Dangerous bacteria that pose a particular threat to the elderly and very sick hospital patients have been shown to survive on disposable hospital gowns and stainless steel surfaces — even after they're scrubbed clean.
The bacteria, called Clostridioides difficile or C. diff., cause almost a half million infections every year in the United States, according to the Centers for Disease Control and Prevention. An estimated 29,000 of those infected die.
The infection, which is spread by fecal to oral transmission, causes severe diarrhea, and can lead to intestinal inflammation and kidney failure. Those most at risk are people who have been given strong antibiotics, as well as those with long hospital stays, or those living in long-term care facilities like the elderly.
In lab studies, researchers found that C. diff spread easily from disposable gowns often employed in surgery or infection control to stainless steel and vinyl surfaces.
"The [bacteria] also transferred to vinyl flooring, which was quite disturbing. We didn't realize they would," said Tina Joshi, a lecturer in molecular microbiology at the University of Plymouth in the United Kingdom and lead author of the new study.
These bugs evolve. These bugs like to stay one step ahead. And even though we're using disinfectants and antibiotics appropriately, they still will become resistant in time. It's inevitable.
What's more, the bacteria didn't die when the researchers tried to kill them with concentrated chlorine disinfectant.
"Even if we applied 1,000 parts per million of chlorine, it would allow spores to survive in the gowns," Joshi told NBC News.
It's possible that increasing the amount of chlorine might kill the spores, but if the spores are indeed becoming resistant to the disinfectant, it will only be a matter of time before the stronger concentrations can't kill them.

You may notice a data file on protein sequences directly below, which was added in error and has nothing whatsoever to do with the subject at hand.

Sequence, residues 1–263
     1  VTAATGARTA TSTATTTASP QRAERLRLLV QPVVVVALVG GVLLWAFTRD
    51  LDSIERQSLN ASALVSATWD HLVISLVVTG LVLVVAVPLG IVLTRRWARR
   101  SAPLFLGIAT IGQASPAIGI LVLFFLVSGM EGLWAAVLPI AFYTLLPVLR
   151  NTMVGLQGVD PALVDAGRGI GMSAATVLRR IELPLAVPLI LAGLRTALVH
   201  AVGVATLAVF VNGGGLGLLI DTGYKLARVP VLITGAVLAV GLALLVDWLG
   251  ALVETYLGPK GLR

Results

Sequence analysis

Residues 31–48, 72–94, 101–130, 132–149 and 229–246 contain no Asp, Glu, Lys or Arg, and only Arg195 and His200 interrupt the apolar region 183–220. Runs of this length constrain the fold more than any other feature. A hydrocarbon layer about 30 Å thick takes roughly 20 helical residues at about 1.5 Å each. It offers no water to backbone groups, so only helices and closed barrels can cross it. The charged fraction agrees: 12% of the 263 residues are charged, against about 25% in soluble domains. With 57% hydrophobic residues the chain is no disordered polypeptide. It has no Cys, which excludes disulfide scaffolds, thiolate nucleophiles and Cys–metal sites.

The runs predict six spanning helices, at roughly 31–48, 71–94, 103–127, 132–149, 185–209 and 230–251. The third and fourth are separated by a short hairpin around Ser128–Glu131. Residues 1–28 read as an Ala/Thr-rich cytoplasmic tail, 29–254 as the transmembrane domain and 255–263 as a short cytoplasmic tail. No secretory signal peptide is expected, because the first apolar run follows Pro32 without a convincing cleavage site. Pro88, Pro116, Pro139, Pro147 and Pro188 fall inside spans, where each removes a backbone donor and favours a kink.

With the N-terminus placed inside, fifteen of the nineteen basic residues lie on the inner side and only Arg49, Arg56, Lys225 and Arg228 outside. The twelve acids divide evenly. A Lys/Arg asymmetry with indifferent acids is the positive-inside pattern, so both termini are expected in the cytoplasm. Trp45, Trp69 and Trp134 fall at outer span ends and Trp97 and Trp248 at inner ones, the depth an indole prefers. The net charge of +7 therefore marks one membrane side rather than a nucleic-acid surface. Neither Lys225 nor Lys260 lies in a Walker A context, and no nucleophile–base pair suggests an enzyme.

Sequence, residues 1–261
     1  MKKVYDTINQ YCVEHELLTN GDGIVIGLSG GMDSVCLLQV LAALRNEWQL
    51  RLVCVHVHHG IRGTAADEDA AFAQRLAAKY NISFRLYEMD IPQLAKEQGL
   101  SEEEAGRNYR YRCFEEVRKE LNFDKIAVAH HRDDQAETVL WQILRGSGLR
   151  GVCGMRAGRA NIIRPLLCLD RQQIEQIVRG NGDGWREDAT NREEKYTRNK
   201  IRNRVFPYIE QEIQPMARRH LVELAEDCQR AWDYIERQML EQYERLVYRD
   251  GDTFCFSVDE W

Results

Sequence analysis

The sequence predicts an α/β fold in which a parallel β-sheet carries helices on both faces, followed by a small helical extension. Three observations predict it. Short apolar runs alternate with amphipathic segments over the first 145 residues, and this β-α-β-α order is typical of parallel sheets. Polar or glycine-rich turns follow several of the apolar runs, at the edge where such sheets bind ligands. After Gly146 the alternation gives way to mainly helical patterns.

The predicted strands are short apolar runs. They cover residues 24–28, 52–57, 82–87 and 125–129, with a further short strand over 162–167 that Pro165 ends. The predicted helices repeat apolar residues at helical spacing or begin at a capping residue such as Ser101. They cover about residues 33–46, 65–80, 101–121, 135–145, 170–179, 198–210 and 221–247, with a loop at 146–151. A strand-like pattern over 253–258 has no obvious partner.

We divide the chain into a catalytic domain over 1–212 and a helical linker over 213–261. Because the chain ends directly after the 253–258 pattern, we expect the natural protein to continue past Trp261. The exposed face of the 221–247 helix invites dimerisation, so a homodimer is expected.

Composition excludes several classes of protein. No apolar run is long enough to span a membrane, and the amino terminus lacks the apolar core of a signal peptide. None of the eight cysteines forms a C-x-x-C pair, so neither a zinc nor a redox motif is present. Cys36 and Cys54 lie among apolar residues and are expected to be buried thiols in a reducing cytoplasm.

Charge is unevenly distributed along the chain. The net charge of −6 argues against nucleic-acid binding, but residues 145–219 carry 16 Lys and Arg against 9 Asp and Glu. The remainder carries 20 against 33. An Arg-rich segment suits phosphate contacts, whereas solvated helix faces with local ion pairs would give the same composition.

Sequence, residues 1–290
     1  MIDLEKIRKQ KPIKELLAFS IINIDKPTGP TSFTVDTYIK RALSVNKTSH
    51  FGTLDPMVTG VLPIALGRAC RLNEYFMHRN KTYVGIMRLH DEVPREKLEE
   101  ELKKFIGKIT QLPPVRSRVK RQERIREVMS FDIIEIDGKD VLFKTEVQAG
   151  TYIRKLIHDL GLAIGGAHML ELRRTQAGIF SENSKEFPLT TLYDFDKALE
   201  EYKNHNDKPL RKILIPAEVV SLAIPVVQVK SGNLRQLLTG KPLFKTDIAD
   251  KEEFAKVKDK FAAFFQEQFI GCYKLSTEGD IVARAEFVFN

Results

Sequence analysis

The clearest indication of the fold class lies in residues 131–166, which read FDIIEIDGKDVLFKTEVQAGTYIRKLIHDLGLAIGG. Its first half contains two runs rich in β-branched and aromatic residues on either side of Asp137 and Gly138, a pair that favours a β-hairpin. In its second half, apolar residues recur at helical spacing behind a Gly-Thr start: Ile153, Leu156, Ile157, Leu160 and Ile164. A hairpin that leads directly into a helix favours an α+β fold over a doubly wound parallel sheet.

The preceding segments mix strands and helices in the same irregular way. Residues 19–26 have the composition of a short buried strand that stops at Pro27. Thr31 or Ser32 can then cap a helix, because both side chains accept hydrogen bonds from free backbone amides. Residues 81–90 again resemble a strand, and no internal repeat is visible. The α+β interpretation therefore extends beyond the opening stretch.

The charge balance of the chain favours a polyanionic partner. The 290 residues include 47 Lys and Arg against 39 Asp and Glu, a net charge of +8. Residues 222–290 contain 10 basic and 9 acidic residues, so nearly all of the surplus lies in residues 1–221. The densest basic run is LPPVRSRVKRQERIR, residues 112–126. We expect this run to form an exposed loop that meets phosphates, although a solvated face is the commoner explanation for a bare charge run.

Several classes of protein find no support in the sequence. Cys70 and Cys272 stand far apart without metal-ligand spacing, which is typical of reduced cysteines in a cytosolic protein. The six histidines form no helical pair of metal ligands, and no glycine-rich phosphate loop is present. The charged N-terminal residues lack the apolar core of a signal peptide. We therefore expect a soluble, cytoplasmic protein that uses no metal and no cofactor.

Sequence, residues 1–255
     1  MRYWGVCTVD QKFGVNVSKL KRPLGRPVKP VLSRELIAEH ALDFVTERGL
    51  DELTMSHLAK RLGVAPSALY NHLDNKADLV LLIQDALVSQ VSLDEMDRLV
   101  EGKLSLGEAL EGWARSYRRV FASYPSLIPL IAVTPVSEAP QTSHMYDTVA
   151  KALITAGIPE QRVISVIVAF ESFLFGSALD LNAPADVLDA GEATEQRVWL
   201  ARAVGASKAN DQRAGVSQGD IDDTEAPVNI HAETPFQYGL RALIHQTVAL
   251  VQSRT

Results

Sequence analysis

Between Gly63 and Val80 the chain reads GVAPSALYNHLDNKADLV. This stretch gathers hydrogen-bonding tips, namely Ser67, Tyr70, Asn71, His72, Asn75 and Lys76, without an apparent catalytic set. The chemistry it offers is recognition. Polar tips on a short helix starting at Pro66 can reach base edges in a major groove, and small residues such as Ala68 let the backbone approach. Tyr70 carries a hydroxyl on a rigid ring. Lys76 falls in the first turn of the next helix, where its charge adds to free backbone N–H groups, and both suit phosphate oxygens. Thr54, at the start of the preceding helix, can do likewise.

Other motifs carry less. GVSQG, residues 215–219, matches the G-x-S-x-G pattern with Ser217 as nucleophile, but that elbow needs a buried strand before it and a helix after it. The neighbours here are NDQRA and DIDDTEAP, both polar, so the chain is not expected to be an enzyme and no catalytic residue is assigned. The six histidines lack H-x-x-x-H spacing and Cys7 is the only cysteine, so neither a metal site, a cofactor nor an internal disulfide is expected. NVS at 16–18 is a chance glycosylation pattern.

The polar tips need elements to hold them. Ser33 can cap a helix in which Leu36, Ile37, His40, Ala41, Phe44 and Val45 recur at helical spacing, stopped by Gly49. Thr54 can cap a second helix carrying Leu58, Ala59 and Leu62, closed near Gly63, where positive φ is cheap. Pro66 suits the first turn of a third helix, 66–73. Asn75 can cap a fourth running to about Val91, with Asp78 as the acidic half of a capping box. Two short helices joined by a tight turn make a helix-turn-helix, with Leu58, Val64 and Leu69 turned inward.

"These bugs evolve. These bugs like to stay one step ahead. And even though we're using disinfectants and antibiotics appropriately, they still will become resistant in time. It's inevitable," Joshi said.
C. diff infections can occur when a patient is given broad spectrum antibiotics to tackle another infection.
Those antibiotics can wipe out a person's gut bacteria, but C. diff survive. That allows the bacteria to proliferate throughout the gut, and eventually come out in feces. If a person has severe diarrhea, for example, the bacteria can be launched into the air and spread around a room. That's when it's imperative to decontaminate clothing, curtains, tables and the bed.
If the bacteria aren't killed, hospital patients or people in nursing homes can become infected when they come into contact with contaminated surfaces, such as a bedside food tray.
But if traditional disinfectants are ineffective, as the new research suggests, what works?
One option is UV light, which could be useful in killing the bacteria. However, it can be challenging to make sure all surfaces are fully exposed to the light. At this point, Joshi said, highly concentrated bleach appears to be the best option.
For those who care for patients with compromised immune systems at home, the C. Diff Foundation says alcohol-based hand sanitizers are ineffective against the bacteria.
On its website, the group recommends instead using a cleaning solution of one cup bleach to nine cups of water, and leaving the mixture on surfaces for a minimum of 10 minutes.
Meanwhile, if C. diff spores can survive on gowns and other surfaces, it is likely also the case that they can live on doctor's coats and scrubs worn by hospital personnel all day.
"That's a real infection control hazard, because these spores can stick to fibers. We've proven that in this paper," Joshi said.